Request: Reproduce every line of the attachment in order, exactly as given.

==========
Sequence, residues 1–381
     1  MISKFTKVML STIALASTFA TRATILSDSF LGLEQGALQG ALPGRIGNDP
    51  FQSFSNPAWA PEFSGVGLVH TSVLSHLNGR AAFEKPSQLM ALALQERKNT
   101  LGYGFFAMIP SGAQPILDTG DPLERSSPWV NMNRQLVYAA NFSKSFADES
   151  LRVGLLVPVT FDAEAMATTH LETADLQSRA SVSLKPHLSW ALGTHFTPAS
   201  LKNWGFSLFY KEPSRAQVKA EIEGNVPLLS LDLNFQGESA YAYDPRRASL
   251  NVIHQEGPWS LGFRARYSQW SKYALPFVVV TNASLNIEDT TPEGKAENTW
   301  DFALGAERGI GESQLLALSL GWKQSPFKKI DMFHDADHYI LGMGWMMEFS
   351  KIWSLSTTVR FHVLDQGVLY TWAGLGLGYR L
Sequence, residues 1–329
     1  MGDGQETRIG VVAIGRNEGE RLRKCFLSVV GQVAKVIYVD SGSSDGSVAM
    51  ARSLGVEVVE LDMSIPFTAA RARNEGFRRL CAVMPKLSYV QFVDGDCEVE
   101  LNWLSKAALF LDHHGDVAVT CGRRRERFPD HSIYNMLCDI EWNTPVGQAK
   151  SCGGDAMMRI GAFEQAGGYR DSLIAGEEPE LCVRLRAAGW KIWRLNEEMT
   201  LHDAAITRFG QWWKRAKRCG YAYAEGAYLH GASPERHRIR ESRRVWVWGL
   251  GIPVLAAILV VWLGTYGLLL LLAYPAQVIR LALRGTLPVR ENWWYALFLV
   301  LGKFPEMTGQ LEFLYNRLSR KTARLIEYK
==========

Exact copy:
Sequence, residues 1–381
     1  MISKFTKVML STIALASTFA TRATILSDSF LGLEQGALQG ALPGRIGNDP
    51  FQSFSNPAWA PEFSGVGLVH TSVLSHLNGR AAFEKPSQLM ALALQERKNT
   101  LGYGFFAMIP SGAQPILDTG DPLERSSPWV NMNRQLVYAA NFSKSFADES
   151  LRVGLLVPVT FDAEAMATTH LETADLQSRA SVSLKPHLSW ALGTHFTPAS
   201  LKNWGFSLFY KEPSRAQVKA EIEGNVPLLS LDLNFQGESA YAYDPRRASL
   251  NVIHQEGPWS LGFRARYSQW SKYALPFVVV TNASLNIEDT TPEGKAENTW
   301  DFALGAERGI GESQLLALSL GWKQSPFKKI DMFHDADHYI LGMGWMMEFS
   351  KIWSLSTTVR FHVLDQGVLY TWAGLGLGYR L
Sequence, residues 1–329
     1  MGDGQETRIG VVAIGRNEGE RLRKCFLSVV GQVAKVIYVD SGSSDGSVAM
    51  ARSLGVEVVE LDMSIPFTAA RARNEGFRRL CAVMPKLSYV QFVDGDCEVE
   101  LNWLSKAALF LDHHGDVAVT CGRRRERFPD HSIYNMLCDI EWNTPVGQAK
   151  SCGGDAMMRI GAFEQAGGYR DSLIAGEEPE LCVRLRAAGW KIWRLNEEMT
   201  LHDAAITRFG QWWKRAKRCG YAYAEGAYLH GASPERHRIR ESRRVWVWGL
   251  GIPVLAAILV VWLGTYGLLL LLAYPAQVIR LALRGTLPVR ENWWYALFLV
   301  LGKFPEMTGQ LEFLYNRLSR KTARLIEYK